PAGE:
Bicchieri and Muldoon (2014), p. 4, suppose that “norms of honesty, loyalty, reciprocity and promise keeping, to name but a few cooperative norms, are crucial to the smooth functioning of social groups. One hypothesis is that they emerge in small, close-knit groups in which people have ongoing interactions with each other” and are in line with Kant’s example cited above [which, by the way, was also used in Axelrod (1986), pp. 1108]. And in line with (Opp, 2002) they assume that norms “are the unintentional and unplanned outcome of human interaction.” (Bicchieri and Muldoon, 2014, p. 7). This is also true for the emergence of descriptive norms (Muldoon et al., 2014) which is exemplified with the scenario of a standing ovation in which people participate partly on their own and partly imitating the actions of others, but in terms of Coleman (1990), p. 242, it is questionable whether in the case of descriptive norms there are persons who “see themselves as benefiting from its being observed or harmed by its being violated”—to stand up or to keep sitting are neither benefits nor disadvantages of the same importance as being allowed to smoke, being prevented from smoking, enjoying fresh air or being exposed to smoke as in the (Opp, 2002) example where a no-smoking norms is certainly a proscripting norm.

Ullmann-Margalit (1977), p. 9, “basic argument is that certain types of norms are solutions to problems posed by certain interaction situations. These problems inhere in the structure—in the game-theoretical sense of structure—of the situations concerned, pertaining to some or all of the interacting participants,” and distinguishes among “three types of paradigmatic interaction situations,” namely Prisoners’ Dilemma, Co-ordination and Inequality [or “norms of partiality” (Coleman, 1990, p. 249, fn. 3) situations, which both Ullmann-Margalit and Coleman describe “using simple payoff matrices from the theory of games” (Coleman, 1990, p. 249)]. Hence, the traditional approach to the emergence of norms adopted by a long list of researchers from Schelling (1966) to Bicchieri (2006) has been “a game-theoretic account of norms and conventions according to which a norm is broadly defined as a Nash equilibrium” (Bicchieri and Muldoon, 2014, p. 31, their emphasis).

But game-theoretic models do not explain what happens within the actors when they play the game. “Modeling an explicit recognition of norms … calls for cognitively more complex agents.” (Neumann, 2014, p. 56, Neumann’s emphasis). An architecture of this kind of agents was designed in Campenní et al. (2014) and implemented in Lotzmann et al. (2014), see also Elsenbroich and Gilbert (2014), chapter 9. A slightly different approach was used (and will be reused in this paper) in Nardin et al. (2016). In terms of Opp (2002), the two examples are about norms emerging by the unintended consequences of human action, and in Bicchieri’s sense (Muldoon et al., 2014, p. 3) the emerging norms are “social or moral norms,” not “descriptive norms.”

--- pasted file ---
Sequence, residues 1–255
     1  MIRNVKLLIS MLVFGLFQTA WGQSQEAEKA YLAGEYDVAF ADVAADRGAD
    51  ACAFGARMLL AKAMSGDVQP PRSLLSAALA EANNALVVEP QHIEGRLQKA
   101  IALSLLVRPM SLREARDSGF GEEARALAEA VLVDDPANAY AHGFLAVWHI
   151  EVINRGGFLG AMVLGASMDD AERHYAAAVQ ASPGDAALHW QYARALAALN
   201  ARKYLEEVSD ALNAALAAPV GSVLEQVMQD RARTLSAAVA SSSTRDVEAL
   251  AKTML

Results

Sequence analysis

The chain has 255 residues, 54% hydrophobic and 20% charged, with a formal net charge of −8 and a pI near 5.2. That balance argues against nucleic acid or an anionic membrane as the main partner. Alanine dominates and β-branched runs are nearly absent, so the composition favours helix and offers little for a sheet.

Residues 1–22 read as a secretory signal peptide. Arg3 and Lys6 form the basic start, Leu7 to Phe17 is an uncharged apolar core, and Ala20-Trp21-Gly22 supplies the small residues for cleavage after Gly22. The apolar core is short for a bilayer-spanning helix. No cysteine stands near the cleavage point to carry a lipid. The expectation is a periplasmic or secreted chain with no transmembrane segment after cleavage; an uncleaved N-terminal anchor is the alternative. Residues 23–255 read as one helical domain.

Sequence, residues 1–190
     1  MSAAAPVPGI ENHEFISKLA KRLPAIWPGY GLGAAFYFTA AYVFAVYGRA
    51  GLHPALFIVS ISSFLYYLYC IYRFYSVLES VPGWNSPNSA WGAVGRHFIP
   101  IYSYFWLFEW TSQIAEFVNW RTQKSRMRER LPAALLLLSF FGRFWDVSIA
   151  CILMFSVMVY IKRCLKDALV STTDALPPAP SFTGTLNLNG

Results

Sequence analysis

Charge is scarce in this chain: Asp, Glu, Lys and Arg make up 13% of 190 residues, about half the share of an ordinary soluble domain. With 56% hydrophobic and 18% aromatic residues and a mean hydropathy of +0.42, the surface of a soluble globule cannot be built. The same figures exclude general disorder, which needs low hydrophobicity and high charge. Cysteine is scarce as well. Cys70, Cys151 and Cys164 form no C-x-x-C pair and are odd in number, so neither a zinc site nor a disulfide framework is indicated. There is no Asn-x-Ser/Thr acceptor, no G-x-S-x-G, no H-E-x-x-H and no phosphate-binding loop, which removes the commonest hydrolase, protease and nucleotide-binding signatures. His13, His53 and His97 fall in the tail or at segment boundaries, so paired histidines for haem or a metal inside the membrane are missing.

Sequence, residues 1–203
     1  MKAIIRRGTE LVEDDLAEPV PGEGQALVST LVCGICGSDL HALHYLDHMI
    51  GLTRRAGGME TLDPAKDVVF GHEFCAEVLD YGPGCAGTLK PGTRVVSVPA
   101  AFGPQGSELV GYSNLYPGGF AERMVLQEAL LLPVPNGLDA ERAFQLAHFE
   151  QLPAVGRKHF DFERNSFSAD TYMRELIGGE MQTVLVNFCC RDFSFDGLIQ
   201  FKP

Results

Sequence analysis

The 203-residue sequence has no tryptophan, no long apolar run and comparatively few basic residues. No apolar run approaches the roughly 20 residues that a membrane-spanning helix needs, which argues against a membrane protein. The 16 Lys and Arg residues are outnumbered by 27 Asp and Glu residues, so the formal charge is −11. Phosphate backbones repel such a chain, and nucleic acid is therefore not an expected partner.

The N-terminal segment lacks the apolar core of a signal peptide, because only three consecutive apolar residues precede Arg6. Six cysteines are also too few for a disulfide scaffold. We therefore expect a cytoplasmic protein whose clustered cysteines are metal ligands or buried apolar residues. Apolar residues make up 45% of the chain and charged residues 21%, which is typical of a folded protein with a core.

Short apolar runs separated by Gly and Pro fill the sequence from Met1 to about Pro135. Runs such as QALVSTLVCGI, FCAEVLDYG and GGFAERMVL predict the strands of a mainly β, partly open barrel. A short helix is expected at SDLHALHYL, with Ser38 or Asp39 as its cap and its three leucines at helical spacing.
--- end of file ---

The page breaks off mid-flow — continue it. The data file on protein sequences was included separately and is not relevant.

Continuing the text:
3. Always Use the Same Side of the Street!

Article 9 line 1, first sentence, of the Geneva Convention on Road Traffic (United Nations, 1949, Art. 9) reads “All vehicular traffic proceeding in the same direction on any road shall keep to the same side of the road, which shall be uniform in each country for all roads.” This is a rule of law set into force by all states, and it is an interesting question under which conditions the same rule could have emerged without any legislation or international treaty. To find out whether rather simple agents in an artificial society can develop such a rule by which all or a large majority always abide we design a model of a network of streets populated by a number of cars whose driver agents move from their homes to their working places, starting randomly either as right-hand drivers or as left-hand drivers. They continue to use the same side of the street until they are stopped by an oncoming car. In this occasion, one of them decides to change to the other side of the street, taking into account what they know about the behavior of the other car drivers.2 Figure 1 shows a screenshot from such a simulation run.


Figure 1. Interface of the road traffic simulation model.

In this simulation run, 129 out of 200 drivers use the right-hand lane, 71 use the left-hand lane. Due to the low density of traffic (because the distance between home and working place is rather small—30 units, where the distance between two crossroads is only 34—and because the vision range is also low) both kinds of drivers have a chance to arrive at their destinations without conflicts; and in case of conflict, they solve it locally such that in some parts of the network there is majority of left-hand drivers whereas in other parts there is a majority of right-hand drivers, such that there is no need for a network-wide rule. Alternative simulation runs with longer distances between home and working place and/or with a wider vision range show an early emergence of a unified rule by which practically all drivers abide long before they reach their destinations.